I: Chapter 5
PAVED THE WAY FOR ISLAM - ANOTHER MYTH
his attempt to stipulate a philosophical basis for the spread of Islam
in Kashmir, P.N.Bazaz toyed with another idea, astounding and unfounded,
that Trika paved the way for Islam in Kashmir. How? He has not felt kindly
to explain it in details. Ajit Battacharjee in his book ' Kashmir - the
wounded Valley' has uncritically and slavishly upheld and adopted the same
mish-mash thesis, thus lending legitimacy to the preposterous thesis of
'peaceful conversion' in the valley of Kashmir.
With no firm
grounding in the realms of philosophy in general and Kashmir Shaivism in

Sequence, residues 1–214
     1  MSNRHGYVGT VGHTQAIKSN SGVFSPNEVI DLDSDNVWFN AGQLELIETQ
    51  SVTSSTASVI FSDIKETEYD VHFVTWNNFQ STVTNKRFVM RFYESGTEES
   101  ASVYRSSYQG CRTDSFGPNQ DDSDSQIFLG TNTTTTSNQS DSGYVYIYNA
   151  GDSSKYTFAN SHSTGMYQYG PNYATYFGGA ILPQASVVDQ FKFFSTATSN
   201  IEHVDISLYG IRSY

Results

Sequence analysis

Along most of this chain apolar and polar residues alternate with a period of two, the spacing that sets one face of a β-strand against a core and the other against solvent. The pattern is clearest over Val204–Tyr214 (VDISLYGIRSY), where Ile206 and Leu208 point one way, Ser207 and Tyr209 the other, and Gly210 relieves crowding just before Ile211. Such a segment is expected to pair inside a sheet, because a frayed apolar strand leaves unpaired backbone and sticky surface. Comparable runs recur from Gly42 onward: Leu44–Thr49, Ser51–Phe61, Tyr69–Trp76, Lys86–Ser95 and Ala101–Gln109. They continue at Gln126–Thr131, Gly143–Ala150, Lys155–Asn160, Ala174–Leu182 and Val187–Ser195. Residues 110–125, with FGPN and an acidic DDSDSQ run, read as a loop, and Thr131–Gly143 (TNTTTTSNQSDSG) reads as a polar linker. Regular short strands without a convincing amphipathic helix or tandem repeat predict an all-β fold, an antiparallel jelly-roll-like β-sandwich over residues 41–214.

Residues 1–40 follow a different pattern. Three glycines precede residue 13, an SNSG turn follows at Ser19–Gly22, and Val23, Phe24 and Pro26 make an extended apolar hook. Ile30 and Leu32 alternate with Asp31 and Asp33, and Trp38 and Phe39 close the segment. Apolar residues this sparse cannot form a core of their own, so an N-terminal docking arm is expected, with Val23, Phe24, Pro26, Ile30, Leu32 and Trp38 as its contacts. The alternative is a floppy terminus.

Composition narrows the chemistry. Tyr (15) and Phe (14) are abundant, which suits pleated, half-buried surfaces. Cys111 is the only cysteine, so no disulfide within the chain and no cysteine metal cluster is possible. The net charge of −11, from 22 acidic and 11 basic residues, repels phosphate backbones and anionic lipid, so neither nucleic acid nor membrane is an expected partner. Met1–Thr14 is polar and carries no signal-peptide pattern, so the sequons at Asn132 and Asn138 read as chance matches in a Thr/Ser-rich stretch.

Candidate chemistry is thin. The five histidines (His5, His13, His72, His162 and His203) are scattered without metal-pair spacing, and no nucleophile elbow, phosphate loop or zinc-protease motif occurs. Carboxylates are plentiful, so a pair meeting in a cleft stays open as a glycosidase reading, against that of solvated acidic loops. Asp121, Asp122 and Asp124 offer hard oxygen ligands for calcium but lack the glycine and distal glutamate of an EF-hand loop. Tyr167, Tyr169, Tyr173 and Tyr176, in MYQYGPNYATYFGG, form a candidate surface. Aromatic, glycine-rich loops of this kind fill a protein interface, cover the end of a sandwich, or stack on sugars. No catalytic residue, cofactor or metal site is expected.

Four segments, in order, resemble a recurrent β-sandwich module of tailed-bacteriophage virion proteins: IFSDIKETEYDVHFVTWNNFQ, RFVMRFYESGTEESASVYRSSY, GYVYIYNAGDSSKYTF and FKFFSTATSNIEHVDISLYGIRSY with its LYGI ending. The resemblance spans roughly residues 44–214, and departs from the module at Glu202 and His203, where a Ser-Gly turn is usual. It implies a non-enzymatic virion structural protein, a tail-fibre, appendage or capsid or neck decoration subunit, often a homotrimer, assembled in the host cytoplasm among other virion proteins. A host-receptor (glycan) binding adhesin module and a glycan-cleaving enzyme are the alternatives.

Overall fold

particular, Bazaz commits the fallacy of equating monotheism with the Absolute
in the Trika, which, to him and Bamzai too, is the apt nomenclature for
Kashmir philosophy of Shaiva non-dualism. It is extremely relevant to point
out that monotheism in essence is a syriac concept common to Judaism, Christianity
and Islam and hence has implicit in it a definite psyche and the syriac-Judaic
cultural ring and ambience and contrary to it, the thought of non-dualism,
the same as monism, has full-fledged history in India and naturally in
Kashmir too. To his lay mind, it appears, though an absurdity, that the
concept of Absolute propped upon logically structured thought-constructs
led to the acceptance of Islam in Kashmir as 'one God reality' is at the
centre of Islamic religion too. Unaware of finer nuances of philosophica1
structures, he seems to hold that Param Shiva or Shiva as the absolute
in Kashmir non-dualism is the same God as Gods in Judaism and Islam are.